But the company has offered little detail about its DNA plans until today.

At a late-afternoon keynote, David Vaskevitch, Microsoft's chief technology architect, will announce the new COM frameworks, and demonstrate for the first time COM+, the next generation of Microsoft's distributed component development technology that forms the base of its most important products, including Windows NT and BackOffice.

COM+, along with newcomers Storage+ and Forms+, are the most tangible pieces of DNA yet offered.

Like its biological namesake, Microsoft's DNA is meant to provide some basic building blocks. Windows DNA is intended to allow business application developers to spend less time poring over the details of software development and more time building business systems.

COM+ includes all of the company's core component technologies, and is beginning to subsume many related technologies, such as transaction processing and message queuing. The first beta-level COM+ technologies are included with the latest beta release of Microsoft's Windows NT Server 5.0, said Vaskevitch. "Developers feel they have to decide between technologies like message-oriented middleware and procedure calls--one or the other. COM+ figures out which is best to use for a given application."

Storage+ builds on low-level data access APIs, such as OLE DB, ODBC, ADO, and others. It simplifies the task of writing business applications that can pull data from a variety of sources--relational databases and data typically stored in file systems, such as Office documents and other client applications.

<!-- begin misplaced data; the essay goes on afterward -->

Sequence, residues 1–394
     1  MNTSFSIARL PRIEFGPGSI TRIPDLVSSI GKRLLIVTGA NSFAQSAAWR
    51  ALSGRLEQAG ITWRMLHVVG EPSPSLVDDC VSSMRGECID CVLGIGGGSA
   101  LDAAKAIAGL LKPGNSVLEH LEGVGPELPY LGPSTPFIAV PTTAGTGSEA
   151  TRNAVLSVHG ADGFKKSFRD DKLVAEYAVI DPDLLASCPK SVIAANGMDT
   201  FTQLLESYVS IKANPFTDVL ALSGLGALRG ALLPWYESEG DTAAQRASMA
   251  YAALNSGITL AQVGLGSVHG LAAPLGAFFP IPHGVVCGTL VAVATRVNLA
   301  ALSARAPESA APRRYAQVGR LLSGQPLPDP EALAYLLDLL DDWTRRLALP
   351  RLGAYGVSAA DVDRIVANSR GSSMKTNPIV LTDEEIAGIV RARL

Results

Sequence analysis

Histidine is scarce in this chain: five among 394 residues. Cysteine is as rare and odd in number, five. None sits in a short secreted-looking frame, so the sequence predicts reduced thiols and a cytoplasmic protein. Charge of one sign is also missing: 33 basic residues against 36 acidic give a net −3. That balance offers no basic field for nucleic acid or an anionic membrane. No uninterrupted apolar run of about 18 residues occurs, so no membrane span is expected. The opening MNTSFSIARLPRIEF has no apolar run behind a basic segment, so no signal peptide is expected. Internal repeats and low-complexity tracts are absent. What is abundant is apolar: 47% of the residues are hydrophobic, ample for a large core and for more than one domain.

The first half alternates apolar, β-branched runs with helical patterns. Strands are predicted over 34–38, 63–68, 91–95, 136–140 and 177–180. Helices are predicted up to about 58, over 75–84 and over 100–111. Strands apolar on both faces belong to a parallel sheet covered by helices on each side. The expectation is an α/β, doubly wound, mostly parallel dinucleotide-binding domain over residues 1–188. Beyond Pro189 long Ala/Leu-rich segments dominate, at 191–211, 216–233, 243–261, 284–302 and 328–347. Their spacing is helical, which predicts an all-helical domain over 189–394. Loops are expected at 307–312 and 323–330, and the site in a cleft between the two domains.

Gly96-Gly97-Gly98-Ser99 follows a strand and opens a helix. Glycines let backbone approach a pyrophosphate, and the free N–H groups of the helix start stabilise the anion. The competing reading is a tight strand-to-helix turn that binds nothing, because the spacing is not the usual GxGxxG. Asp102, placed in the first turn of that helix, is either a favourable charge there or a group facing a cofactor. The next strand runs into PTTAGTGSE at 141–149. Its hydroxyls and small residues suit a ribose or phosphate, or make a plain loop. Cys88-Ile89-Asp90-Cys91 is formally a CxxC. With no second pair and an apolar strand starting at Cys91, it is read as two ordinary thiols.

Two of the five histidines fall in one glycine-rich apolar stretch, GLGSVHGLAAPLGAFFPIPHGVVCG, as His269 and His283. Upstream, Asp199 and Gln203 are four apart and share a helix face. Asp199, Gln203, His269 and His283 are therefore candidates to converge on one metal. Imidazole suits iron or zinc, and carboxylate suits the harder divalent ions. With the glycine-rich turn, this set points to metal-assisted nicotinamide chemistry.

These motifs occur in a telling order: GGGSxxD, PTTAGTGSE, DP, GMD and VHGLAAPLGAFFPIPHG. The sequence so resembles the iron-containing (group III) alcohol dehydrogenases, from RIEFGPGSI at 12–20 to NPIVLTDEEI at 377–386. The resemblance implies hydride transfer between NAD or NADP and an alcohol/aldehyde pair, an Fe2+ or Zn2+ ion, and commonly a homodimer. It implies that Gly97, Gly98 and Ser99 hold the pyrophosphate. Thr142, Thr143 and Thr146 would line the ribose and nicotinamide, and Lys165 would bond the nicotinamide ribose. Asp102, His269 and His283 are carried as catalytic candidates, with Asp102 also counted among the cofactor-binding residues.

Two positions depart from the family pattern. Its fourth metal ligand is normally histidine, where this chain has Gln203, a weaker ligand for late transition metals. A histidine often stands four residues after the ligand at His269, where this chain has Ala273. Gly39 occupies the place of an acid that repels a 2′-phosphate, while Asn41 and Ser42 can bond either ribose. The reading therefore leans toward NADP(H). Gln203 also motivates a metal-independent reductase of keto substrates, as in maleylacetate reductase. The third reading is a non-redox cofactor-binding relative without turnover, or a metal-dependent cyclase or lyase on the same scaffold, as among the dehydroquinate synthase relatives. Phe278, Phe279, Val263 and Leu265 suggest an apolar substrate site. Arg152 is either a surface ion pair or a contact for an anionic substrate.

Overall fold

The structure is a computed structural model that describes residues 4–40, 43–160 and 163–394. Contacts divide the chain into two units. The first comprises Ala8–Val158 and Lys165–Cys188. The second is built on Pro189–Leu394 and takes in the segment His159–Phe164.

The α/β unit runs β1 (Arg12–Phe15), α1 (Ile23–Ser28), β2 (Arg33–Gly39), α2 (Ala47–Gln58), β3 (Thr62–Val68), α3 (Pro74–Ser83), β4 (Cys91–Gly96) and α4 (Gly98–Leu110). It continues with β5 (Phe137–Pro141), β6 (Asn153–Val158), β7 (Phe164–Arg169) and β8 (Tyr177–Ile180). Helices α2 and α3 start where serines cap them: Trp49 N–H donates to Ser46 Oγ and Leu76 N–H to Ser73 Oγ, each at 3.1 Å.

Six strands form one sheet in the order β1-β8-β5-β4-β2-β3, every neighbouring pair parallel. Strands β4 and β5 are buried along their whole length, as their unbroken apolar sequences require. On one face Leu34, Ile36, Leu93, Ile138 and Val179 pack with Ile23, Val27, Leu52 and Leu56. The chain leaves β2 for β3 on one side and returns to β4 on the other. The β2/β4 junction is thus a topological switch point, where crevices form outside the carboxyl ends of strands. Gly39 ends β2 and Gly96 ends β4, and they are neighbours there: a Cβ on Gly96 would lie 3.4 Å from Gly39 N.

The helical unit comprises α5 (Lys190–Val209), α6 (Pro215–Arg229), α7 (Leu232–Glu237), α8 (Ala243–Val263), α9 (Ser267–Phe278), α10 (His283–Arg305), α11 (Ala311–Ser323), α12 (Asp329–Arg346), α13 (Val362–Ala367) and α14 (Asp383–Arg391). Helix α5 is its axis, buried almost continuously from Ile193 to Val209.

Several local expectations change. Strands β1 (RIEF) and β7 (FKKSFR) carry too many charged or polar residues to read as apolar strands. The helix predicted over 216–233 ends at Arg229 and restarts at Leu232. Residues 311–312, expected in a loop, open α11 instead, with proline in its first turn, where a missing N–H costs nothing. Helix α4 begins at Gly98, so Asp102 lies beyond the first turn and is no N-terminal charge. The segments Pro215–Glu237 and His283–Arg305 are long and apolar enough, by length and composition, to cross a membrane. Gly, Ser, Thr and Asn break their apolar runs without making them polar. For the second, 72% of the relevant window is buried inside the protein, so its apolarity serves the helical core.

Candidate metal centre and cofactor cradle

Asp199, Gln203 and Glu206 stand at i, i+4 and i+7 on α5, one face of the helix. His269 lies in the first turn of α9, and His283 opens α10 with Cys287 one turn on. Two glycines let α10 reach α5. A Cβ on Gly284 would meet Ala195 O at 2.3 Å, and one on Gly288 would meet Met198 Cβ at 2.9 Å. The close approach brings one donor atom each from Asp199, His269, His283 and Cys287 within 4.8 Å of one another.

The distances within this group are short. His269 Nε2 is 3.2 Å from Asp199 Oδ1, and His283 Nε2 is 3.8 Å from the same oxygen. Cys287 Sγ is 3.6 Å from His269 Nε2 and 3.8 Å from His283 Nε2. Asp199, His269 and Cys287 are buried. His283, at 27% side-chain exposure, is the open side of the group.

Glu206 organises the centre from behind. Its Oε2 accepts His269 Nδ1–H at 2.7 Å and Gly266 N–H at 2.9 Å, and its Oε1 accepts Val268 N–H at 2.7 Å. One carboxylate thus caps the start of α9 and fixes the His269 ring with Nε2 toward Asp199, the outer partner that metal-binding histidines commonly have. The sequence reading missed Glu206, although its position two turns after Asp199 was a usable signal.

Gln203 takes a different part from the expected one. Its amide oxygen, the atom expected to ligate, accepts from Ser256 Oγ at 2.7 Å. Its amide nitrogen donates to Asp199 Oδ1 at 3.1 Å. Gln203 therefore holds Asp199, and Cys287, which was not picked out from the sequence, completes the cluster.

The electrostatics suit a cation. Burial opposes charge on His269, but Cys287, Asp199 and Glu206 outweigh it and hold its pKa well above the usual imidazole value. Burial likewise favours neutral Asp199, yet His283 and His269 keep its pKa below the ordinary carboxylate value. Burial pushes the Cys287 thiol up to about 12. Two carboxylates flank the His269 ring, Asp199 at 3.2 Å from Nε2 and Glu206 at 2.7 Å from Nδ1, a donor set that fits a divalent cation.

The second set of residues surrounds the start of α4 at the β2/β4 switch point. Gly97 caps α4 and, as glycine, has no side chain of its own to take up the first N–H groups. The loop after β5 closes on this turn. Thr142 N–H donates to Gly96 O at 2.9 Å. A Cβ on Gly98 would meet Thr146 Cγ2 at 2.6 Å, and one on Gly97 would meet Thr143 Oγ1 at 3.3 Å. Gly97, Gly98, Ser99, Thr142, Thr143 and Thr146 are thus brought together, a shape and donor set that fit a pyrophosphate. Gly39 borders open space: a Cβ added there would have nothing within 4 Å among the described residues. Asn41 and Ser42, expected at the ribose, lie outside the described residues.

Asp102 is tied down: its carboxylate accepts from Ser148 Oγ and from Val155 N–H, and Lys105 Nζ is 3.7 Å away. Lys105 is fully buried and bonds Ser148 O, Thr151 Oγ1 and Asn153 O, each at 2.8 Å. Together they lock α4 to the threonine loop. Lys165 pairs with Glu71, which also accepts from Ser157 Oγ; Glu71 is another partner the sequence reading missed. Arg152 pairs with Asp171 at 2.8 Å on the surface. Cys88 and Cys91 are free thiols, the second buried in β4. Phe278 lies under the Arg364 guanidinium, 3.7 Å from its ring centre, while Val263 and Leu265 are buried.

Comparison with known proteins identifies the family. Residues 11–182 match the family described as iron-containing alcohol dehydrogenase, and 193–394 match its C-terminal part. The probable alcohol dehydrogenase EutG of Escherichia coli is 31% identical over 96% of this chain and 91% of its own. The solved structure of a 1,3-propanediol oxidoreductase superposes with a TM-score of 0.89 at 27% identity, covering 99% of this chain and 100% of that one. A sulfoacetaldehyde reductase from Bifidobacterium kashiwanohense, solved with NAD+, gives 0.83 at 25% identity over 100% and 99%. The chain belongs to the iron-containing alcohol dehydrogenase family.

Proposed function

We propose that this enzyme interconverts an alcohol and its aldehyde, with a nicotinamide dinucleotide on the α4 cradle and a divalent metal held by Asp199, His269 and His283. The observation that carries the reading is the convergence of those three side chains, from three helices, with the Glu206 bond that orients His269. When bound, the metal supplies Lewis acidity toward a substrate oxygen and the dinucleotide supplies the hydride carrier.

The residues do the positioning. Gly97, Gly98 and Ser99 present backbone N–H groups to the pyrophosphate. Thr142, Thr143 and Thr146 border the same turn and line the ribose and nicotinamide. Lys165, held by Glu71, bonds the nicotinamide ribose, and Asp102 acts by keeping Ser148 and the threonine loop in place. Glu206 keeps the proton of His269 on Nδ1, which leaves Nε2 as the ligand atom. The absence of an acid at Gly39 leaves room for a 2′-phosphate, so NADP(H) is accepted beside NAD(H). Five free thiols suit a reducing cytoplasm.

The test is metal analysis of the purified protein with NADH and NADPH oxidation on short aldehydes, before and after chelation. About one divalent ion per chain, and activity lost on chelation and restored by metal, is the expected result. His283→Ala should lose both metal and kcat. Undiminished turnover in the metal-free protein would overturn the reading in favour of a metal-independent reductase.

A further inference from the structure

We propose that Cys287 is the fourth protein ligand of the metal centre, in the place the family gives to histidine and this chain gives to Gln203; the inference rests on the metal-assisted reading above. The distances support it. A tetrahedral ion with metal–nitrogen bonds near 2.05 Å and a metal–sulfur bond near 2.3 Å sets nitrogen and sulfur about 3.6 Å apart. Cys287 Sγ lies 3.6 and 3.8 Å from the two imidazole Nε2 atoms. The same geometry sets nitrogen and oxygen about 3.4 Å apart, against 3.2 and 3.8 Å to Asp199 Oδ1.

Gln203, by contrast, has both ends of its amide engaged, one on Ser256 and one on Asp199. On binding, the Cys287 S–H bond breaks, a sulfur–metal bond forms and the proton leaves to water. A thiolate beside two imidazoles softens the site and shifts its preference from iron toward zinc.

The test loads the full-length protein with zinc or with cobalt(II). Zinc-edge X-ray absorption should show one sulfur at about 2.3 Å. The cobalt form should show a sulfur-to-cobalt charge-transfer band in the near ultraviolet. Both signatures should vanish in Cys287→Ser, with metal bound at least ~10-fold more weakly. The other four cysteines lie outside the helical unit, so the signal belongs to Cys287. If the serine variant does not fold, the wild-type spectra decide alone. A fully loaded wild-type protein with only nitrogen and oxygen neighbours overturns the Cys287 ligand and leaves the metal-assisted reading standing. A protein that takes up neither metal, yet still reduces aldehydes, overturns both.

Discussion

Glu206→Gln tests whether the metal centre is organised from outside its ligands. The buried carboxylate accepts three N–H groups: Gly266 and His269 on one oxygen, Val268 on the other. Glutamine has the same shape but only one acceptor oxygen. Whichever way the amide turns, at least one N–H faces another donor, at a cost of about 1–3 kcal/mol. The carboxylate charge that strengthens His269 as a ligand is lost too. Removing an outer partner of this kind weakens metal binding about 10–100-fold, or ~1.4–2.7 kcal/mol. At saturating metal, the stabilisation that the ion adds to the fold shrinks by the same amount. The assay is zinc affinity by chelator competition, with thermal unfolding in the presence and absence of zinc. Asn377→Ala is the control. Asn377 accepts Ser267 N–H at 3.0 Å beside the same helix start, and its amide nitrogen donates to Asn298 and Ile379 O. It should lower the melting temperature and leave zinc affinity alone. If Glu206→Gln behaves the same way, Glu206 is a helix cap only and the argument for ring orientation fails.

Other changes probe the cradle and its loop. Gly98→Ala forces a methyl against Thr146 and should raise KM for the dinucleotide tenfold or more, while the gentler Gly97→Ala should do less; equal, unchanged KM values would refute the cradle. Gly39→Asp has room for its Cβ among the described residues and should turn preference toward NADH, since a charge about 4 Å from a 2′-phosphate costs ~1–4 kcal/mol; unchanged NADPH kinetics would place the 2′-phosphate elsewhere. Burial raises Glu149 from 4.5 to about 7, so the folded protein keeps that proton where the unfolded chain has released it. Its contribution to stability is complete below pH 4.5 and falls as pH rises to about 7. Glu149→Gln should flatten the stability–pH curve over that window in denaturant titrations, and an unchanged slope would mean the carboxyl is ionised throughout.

And Forms+ is an attempt to simplify client-side application development and deployment. "Right now, developers must decide whether to build a client user interface as either Web pages or as [Visual Basic] code. It's an either-or situation now and it doesn't need to be," said Vaskevitch.

Vaskevitch said some of the DNA technologies are already available, and more are coming soon with the impending releases of SQL Server 7.0 and Office 2000. He would not place specific time frames on Storage+ and Forms+ deliveries.

When the three DNA "engines"--COM+, Storage+, and Forms+--debut, they could radically simplify the lives of business programmers, who must learn ever-more complex APIs for each new project, said Vaskevitch.

"If you asked Microsoft what its API strategy was, we'd say Win32 [the underlying Windows programming interface]. But that's for systems developers, not business developers. It's complicated--more than 8,500 APIs--and hard to learn. DNA is aimed at business developers."

Analysts in the past have cautioned that DNA may be no more than the latest marketing spin on the company's existing COM technology. Other marketing schemes that attempted to make COM more palatable to business developers have failed. Most notable is the company's ActiveX thrust, which attempted to define a development environment to encompass corporate client-server and Internet deployment. The company has since scaled back ActiveX, and it still exists as a moniker for the company's Windows-specific components.